A bet­ter way to pro­tect the world from the next pan­demic

The Star (St. Lucia) - - LOCAL -

TBy Jim Yong Kim he grow­ing con­cern over the Zika virus un­der­scores a fright­en­ing re­al­ity. The world re­mains ill pre­pared for a fast-mov­ing virus. Over the past decade, Ebola, avian flu, swine flu and other pan­demics have shown how vul­ner­a­ble we all are when ma­jor out­breaks start in a de­vel­op­ing coun­try with a weak health sys­tem.

But too lit­tle in­vest­ment in pan­demic pre­pared­ness at the lo­cal, na­tional and global lev­els leaves all of us, no mat­ter where we live, vul­ner­a­ble to the spread of a deadly pan­demic. Pan­demics are a global se­cu­rity threat, and they de­mand a truly global re­sponse.

This, in fact, is about to hap­pen. The world will now be able to au­to­mat­i­cally send money, med­i­cal teams and life­sav­ing sup­plies to any of the 77 poor­est coun­tries to pre­vent a ma­jor out­break from spread­ing and es­ca­lat­ing. The newly cre­ated Pan­demic Emer­gency Fi­nanc­ing Fa­cil­ity will lever­age money from wealthy coun­tries, cap­i­tal mar­kets and the rein­sur­ance in­dus­try, and use those funds if needed to mount a rapid early re­sponse to shut down an out­break with pan­demic po­ten­tial— and at a frac­tion of the cost of de­layed ac­tion.

This fa­cil­ity, which will be up and run­ning later this year, will dis­burse money quickly through two routes. First, it will open up an en­tirely new in­sur­ance mar­ket: pan­demic risk in­sur­ance. Low in­come coun­tries will be cov­ered against cer­tain types of viruses ex­pected to cause the ma­jor­ity of se­vere out­breaks, in­clud­ing Ebola. Once an out­break meets pre­de­ter­mined cri­te­ria based on size, sever­ity and speed, money will flow to the af­flicted coun­tries and in­ter­na­tional re­spon­ders. Much like with other types of in­sur­ance, a small amount of money paid up front will pro­vide coun­tries with a much larger amount of sup­port when it’s most needed.

Sec­ond, in the event of emerg­ing or more un­pre­dictable types of out­breaks for which ex­ten­sive data is not yet avail­able, such as Zika, the fa­cil­ity can use cash to trig­ger a faster re­sponse. Ei­ther way, this means we no longer will rely on inevitably slug­gish—and lethally un­pre­dictable—po­lit­i­cal de­lib­er­a­tions or pass-the-hat fundrais­ing ap­peals, which usu­ally come too lit­tle, too late.

If this fa­cil­ity had ex­isted in 2014 dur­ing the Ebola out­break in West Africa, we could have mo­bi­lized $100 mil­lion as early as July that year to ac­cel­er­ate the re­sponse. In­stead, that level of fund­ing did not be­gin to flow un­til three months later—dur­ing which Ebola cases in­creased ten­fold—and even­tu­ally cost $10 bil­lion and count­ing to U.S. and other tax­pay­ers for emer­gency re­sponse, re­cov­ery ef­forts and eco­nomic losses to the af­fected coun­tries.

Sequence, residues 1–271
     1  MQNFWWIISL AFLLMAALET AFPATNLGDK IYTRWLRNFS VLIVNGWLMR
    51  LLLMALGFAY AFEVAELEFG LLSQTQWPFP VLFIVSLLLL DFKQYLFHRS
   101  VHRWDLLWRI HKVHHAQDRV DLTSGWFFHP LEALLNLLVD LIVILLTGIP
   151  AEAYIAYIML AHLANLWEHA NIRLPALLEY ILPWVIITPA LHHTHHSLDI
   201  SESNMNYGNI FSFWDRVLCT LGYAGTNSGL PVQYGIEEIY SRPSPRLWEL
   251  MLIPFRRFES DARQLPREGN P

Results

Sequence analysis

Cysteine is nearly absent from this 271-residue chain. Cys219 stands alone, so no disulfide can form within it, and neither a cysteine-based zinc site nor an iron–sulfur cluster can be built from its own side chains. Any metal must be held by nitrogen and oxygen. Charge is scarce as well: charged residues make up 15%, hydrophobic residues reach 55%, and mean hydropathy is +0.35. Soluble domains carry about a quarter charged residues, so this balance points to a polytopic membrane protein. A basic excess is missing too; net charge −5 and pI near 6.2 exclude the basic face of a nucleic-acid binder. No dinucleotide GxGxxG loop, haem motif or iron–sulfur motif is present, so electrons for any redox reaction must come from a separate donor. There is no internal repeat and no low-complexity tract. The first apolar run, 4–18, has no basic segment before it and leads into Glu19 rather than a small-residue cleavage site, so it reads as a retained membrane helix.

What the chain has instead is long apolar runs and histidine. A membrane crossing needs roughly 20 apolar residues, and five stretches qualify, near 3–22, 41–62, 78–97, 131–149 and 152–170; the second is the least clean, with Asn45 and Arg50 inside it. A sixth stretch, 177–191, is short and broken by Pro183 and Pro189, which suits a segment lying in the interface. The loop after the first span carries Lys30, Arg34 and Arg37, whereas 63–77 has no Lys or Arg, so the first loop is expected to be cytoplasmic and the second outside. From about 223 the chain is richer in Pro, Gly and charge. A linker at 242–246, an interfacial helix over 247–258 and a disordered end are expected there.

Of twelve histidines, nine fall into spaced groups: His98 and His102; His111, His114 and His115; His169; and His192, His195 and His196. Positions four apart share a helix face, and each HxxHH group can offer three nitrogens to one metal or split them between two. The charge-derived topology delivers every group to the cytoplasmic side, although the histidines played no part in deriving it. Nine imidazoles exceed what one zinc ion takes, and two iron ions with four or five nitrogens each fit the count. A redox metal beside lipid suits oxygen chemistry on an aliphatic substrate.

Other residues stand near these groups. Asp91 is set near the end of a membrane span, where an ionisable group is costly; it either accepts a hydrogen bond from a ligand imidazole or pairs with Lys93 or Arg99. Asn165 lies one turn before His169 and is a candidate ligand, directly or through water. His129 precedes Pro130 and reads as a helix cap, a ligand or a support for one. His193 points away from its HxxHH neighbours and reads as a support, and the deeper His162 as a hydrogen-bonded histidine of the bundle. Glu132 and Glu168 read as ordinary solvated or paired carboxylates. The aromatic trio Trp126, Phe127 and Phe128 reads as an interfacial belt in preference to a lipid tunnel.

In ad­di­tion to fill­ing a crit­i­cal fi­nanc­ing gap, the Pan­demic Emer­gency Fi­nanc­ing Fa­cil­ity will serve as a cor­ner­stone in build­ing a bet­ter global sys­tem to re­duce fu­ture pan­demic risks.

The fa­cil­ity will com­ple­ment the World Health Or­ga­ni­za­tion’s new en­hanced early-re­sponse ef­forts. It will re­quire coun­tries to de­velop strong re­sponse plans, and in so do­ing we hope it will also en­cour­age greater global and na­tional in­vest­ments in pre­pared­ness - in­clud­ing in more re­silient na­tional health sys­tems and re­gional sur­veil­lance and de­tec­tion net­works. It will move us away from the much more costly and in­ef­fi­cient cri­sis-to-cri­sis man­age­ment of pan­demics to­ward a smarter, faster, bet­ter­co­or­di­nated and more ef­fec­tive re­sponse when needed.

There is a high prob­a­bil­ity that the world will ex­pe­ri­ence a se­vere out­break in the next 10 to 15 years. Re­cent eco­nomic anal­y­sis sug­gests that the an­nu­al­ized global cost of a mod­er­ately se­vere to se­vere pan­demic is roughly $570 bil­lion, or 0.7 per­cent of global in­come - with over­all cost es­ti­mates of a sin­gle large pan­demic as high as 5 per­cent of global gross do­mes­tic prod­uct, or $4 tril­lion.

The world has wellde­vel­oped global sys­tems to re­spond quickly to other se­cu­rity risks, rang­ing from dis­as­ters to eco­nomic con­ta­gion. Yet pan­demics—the ul­ti­mate con­ta­gion—have been one of the great­est un­man­aged and unin­sured global risks in the world. Un­til now.

We can’t change the speed of a hur­ri­cane or the mag­ni­tude of an earth­quake, but we can change the tra­jec­tory of an out­break. By hav­ing a global sys­tem at the ready to get money to the right place at the right time, we have the po­ten­tial to save thou­sands— even mil­lions—of lives and pro­tect the global econ­omy from tril­lions of dol­lars in losses.

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